Fish Don’t Fool Around in April

Fish Don’t Fool Around in April
Aaron Cisneros found a few aces laying in mud.
The month of March continued to bring the usual high winds that are so common for this time of the year. As I write, the winds outside are howling up to forty miles an hour. It’s just something we have to deal with and attempt to learn how to fish the not-so-ideal conditions. By no means am I saying go fish forty mile per hour winds; however, you will not always have southeast ten to fifteen miles per hour, especially in April. Fish still eat in windy conditions, but no doubt, windy conditions do make it tougher to find the right water clarity. Remember, trying to locate fish in not-so-perfect settings is a learning experience that will payoff in the future. And besides chasing something that is elusive makes it even more rewarding when the catching is done.

April is no different than March as far as wind is concerned; expect most days to bring breezy conditions. It’s a good thing to do some searching or scouting during breezy conditions. Find out which of your local areas hold their clarity the longest despite windy situations. There are a few areas in our bay system that can stay clear to semi-clear even in the windiest of conditions. Knowing which waters remain fishable despite breezy conditions can help save the day.

Extremely windy conditions can be a foe, but at the present time it is a welcome ally. As of this writing parts of the Lower Laguna have what looks like a brown tide episode. Being that the predominate winds for this time of the year will come out of the south or southeast, it means all this wind will bring clean gulf water into our bay system. As a result of this water movement, our bays will begin to clear up and allow us to see what is really below. Our water levels will also rise this month; therefore, giving us access to back bays that will be soon be flourishing with tailing redfish chasing juvenile shrimp.  

April is a month that springs up life on land as well as in the water. Look for fish to be very active in the highly oxygenated water and the influx of pinfish, ballyhoo, and skipjacks along with blue crabs and scores of mullet. Piggy perch have already turned up in the stomach contents of the redfish and trout we are cleaning. In addition, during and after the month of April, you will begin to see more stingrays. Pay close attention to the rays; they can sometimes have redfish and trout lagging behind looking for scraps.

Also, color changes and streaks will occur with frequency in April. Color changes can be great spots to fish because trout and redfish will use the darker side of the water to hide and ambush their prey. A clear indication that gamefish are present in a color change is baitfish tail slapping on the water’s surface as they escape hungry predators. Whether you are drifting or wading, I would suggest staying on the transitional line throwing your bait to the darker side and working it toward the clearer end. Sometimes a school of larger mullet will cause the water to streak especially in shallow sandy or muddy pothole areas. I have had great success in the past while jumping off the boat and fishing these streaks. I tend to throw darker colors or even an amber colored Brown Lures sea devil in these types of conditions.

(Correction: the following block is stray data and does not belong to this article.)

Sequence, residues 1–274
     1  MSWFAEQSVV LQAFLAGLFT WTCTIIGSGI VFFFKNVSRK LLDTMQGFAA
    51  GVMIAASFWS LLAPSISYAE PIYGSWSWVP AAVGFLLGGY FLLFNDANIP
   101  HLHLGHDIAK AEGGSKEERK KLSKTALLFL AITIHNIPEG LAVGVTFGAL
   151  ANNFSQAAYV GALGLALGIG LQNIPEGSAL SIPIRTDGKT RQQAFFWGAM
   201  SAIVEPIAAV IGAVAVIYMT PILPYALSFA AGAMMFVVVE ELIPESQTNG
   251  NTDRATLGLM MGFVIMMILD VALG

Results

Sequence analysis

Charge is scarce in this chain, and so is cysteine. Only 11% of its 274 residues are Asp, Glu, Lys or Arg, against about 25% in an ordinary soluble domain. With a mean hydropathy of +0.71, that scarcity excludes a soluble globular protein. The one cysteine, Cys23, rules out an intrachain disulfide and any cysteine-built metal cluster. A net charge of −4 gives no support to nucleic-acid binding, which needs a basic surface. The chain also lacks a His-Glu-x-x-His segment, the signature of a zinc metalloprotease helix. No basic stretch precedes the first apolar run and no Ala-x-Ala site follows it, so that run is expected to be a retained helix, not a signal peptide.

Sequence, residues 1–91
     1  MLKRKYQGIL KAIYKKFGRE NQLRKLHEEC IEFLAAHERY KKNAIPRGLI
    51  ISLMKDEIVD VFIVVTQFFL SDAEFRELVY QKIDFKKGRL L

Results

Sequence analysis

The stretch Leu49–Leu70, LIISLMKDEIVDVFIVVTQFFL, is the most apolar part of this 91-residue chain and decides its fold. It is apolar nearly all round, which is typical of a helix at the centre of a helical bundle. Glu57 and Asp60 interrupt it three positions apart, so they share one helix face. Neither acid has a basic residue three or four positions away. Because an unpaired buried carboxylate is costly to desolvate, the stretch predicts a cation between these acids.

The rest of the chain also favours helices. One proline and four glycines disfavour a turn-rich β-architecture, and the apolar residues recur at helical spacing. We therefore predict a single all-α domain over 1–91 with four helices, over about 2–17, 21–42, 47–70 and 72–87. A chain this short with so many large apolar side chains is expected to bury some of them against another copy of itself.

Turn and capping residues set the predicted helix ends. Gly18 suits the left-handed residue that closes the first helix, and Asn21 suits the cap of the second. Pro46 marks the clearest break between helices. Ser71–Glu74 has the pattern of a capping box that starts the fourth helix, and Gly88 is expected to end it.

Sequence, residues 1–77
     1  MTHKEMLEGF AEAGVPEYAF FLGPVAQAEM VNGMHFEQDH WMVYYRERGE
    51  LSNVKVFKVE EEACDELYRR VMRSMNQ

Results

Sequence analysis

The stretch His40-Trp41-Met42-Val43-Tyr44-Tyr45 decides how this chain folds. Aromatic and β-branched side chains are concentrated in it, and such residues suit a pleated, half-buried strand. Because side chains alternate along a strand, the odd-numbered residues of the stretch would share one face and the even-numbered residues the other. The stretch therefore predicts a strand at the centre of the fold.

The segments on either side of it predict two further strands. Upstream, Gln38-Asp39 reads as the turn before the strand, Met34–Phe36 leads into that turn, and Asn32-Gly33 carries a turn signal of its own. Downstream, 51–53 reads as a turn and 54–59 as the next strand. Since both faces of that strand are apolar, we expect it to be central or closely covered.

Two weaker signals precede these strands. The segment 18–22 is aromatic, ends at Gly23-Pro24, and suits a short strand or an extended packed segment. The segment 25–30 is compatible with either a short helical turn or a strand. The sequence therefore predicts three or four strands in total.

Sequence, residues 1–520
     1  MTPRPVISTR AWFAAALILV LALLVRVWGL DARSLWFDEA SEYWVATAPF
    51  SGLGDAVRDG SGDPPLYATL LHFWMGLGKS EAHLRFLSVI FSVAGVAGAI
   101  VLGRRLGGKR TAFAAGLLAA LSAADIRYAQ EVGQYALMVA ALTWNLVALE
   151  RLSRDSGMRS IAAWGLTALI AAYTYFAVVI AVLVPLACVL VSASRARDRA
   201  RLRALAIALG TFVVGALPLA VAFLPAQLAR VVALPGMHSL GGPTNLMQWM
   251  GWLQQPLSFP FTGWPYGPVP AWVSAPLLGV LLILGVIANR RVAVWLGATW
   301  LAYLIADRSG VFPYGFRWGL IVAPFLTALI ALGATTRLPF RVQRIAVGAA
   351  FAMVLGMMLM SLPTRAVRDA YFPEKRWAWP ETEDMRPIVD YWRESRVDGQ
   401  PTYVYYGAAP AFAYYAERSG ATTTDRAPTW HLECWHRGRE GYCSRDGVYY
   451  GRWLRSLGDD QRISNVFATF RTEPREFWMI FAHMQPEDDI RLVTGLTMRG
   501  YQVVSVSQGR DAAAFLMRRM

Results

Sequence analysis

There is no doubt that fish in April become very active because of warming water temperatures and the increase of bait activity on the flats, but sometimes they can develop lock jaw. This is when patience and perseverance will pay dividends. I bring this up to share with you a recent trip with two very good fishermen that wanted to target big trout. Before they jumped off the boat, I gave them an idea of the area they were about to fish and pointed them in the right direction where three big trout were landed on the previous trip. Off we went on a big trout quest.  I went deep, and they headed shallow to the magical spot. On their first wade they spent a good four hours covering no more than fifty yards. These guys covered just about every square foot of the water at least four times. The conditions were perfect, but the bite didn’t start with a bang. After a long wade and no results, I personally thought the trout had moved but not these two guys. They stayed at it even when I went back to the boat.

From the boat I could see they were finally into some decent action, but I didn’t realize how big their trout were until I picked up them up an hour later. We left after the bite tapered and returned to the very same spot two hours later.  Again their patience and meticulous fishing effort paid off. Once more they were rewarded with big fish. Not too many fishermen would have endured as these two did. Most would have given up like me and gone back to the boat and on to the next spot. Let me point out that all this was done in knee to thigh deep mud. Patience and perseverance will on most occasions bring great results if you’re willing to put in the time and effort.

In March, Corky baits still brought much success for us, but starting in April you can bet that a topwater will be the first thing that hits the water for us.  Experiment with different sizes of surface plugs to find the size the fish prefer. If it’s extremely windy and choppy, it would be wise to use bright colors like pink or orange surface bait for visual purposes.  Remember April might be Fool’s Month, but the fish don’t fool around in April… they mean business!